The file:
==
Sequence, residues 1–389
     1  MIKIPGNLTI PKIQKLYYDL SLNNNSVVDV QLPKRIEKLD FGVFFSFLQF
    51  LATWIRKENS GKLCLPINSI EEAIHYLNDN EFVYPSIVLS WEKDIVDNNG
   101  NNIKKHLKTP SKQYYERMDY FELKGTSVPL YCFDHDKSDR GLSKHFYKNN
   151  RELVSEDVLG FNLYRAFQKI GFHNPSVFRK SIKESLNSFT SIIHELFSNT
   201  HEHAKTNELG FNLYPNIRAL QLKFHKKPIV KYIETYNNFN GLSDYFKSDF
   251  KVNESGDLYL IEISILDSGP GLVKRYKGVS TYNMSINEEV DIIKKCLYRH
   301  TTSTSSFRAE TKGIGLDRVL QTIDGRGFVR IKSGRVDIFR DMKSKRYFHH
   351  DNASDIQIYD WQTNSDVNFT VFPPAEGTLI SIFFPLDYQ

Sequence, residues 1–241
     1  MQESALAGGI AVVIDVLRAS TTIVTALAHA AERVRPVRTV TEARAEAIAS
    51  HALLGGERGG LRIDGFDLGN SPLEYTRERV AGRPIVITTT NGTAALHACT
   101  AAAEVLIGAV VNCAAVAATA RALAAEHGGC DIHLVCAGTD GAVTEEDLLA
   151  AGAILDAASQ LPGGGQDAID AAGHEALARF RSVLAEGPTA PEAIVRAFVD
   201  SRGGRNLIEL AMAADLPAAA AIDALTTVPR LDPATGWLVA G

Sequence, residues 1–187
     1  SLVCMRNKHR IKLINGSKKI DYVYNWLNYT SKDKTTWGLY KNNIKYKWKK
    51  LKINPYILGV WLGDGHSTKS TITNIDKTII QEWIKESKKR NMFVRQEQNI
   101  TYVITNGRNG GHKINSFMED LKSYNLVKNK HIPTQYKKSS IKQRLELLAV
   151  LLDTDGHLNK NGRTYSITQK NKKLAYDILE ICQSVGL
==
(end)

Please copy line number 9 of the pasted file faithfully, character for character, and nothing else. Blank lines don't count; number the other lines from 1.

   351  DNASDIQIYD WQTNSDVNFT VFPPAEGTLI SIFFPLDYQ